As I mentioned in an earlier column, I am looking for some software which will help prolong my children’s innocence. But preventing undesirable words or images from entering our family computer from the internet is not easy. So far I haven’t found a programme which will screen them out. In the meantime you might like to hear about a crude early programme which requires the user to enter all the words considered offensive. Fair enough. Some poor chap bought the software and put “breast” on the forbidden list. His wife went on the net a few days later, looking for new ideas for a dinner party. No recipes made it to the screen which required her to buy “breast of chicken,” “breast of duck” and so on. Another example of the doctrine of unintended consequences, or just stupidity on the part of the programmer?
On a recent trip to the US, while walking through a shopping mall in Santa Monica, California, I spotted an advertising hoarding in the middle of the walkway. You know the sort-they are common enough over here: triangular pillars fronting on to glass displays which, in this case, advertised Burger King, a local florist and a web site for a firm which made household furniture. The furniture company did not have a shop in the mall; all it seemed to have was a site on the internet. I suppose that as you are rushing through the mall with your shopping falling out of your bags, trying to stop little Duane from murdering Peggy Sue, you are supposed to stop and make a quick note of the http://www details, then check it out later.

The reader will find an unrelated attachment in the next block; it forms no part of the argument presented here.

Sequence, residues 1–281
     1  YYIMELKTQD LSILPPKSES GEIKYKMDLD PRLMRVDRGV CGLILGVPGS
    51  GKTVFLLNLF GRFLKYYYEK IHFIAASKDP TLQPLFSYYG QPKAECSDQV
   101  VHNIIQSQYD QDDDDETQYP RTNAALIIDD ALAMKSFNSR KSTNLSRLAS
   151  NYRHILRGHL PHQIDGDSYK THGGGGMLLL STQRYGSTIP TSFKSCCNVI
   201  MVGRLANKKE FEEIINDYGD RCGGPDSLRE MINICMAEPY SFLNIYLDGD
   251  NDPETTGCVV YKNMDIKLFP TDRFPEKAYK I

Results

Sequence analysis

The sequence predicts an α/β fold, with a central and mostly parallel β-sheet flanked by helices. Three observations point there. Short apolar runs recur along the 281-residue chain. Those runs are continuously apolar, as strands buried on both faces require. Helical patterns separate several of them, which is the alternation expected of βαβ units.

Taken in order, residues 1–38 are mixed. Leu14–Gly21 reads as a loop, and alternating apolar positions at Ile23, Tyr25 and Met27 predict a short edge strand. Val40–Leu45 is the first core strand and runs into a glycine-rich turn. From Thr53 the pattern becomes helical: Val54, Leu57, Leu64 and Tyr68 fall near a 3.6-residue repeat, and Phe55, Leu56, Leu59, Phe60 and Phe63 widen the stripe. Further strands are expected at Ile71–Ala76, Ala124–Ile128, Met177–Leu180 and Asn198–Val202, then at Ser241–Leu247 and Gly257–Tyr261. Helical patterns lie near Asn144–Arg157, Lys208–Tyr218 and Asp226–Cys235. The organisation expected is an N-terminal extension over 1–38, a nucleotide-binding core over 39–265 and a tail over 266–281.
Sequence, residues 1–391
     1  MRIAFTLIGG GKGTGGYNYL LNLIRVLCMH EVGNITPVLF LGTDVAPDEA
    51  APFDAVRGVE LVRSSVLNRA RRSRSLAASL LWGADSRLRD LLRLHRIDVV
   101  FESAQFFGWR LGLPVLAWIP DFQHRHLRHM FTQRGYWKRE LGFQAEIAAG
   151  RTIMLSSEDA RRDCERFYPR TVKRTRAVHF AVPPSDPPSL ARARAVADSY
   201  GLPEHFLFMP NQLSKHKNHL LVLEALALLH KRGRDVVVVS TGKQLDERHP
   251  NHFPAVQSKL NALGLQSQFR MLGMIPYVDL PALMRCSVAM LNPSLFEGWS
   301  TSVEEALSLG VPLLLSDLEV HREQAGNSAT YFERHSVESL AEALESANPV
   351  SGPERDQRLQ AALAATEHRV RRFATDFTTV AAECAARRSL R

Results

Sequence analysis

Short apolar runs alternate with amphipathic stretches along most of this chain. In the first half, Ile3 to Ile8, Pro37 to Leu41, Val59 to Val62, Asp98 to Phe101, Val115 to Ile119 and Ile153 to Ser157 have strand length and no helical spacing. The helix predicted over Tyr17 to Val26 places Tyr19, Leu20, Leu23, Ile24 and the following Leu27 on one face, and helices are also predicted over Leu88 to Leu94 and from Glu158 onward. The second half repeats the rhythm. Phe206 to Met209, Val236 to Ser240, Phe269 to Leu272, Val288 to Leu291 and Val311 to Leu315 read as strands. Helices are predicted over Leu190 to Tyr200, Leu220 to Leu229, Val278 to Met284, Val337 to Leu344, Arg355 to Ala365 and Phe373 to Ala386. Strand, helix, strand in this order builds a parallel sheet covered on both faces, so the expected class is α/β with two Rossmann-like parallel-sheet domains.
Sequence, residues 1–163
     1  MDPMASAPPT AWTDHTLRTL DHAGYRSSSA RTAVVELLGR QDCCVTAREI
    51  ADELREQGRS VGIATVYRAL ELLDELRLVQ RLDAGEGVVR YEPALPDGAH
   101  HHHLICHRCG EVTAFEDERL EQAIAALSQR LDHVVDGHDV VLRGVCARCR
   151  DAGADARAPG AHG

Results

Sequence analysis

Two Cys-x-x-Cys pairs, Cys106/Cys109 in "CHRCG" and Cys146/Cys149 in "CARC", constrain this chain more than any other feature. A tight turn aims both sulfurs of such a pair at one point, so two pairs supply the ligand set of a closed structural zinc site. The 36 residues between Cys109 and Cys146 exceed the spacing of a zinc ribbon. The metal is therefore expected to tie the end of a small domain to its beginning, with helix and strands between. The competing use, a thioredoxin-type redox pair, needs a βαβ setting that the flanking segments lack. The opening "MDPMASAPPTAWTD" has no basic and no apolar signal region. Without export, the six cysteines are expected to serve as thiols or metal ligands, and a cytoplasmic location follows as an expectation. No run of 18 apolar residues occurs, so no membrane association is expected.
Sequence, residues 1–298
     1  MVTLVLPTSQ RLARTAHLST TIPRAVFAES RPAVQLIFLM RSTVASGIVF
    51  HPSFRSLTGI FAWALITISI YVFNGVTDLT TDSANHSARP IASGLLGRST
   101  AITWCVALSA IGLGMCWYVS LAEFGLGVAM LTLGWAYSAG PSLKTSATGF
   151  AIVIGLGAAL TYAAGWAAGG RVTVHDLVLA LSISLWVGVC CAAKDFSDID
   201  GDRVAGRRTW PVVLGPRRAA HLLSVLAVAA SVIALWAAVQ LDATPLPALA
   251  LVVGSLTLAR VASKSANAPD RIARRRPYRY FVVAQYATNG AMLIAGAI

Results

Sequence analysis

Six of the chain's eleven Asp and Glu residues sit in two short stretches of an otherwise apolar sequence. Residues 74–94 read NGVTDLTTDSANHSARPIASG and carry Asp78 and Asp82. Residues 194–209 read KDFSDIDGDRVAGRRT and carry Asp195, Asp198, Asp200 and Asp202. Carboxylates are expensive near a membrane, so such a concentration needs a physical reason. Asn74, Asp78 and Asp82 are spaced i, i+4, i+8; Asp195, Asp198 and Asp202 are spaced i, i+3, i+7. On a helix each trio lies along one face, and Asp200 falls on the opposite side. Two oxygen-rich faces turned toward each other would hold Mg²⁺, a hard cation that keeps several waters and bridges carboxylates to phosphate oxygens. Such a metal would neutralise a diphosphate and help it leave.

Encyclopaedia Britannica is now available on-line. I don’t know when it first went live but it is currently advertising like mad in the US. It’s a subscription service, but a small demo is available at http://www. eb.com. It says that it has 65,000 entries on-line, and it is building on these all the time. Encyclopeaedia Brittanica has taken 225 years to evolve to this point-but evolve it has….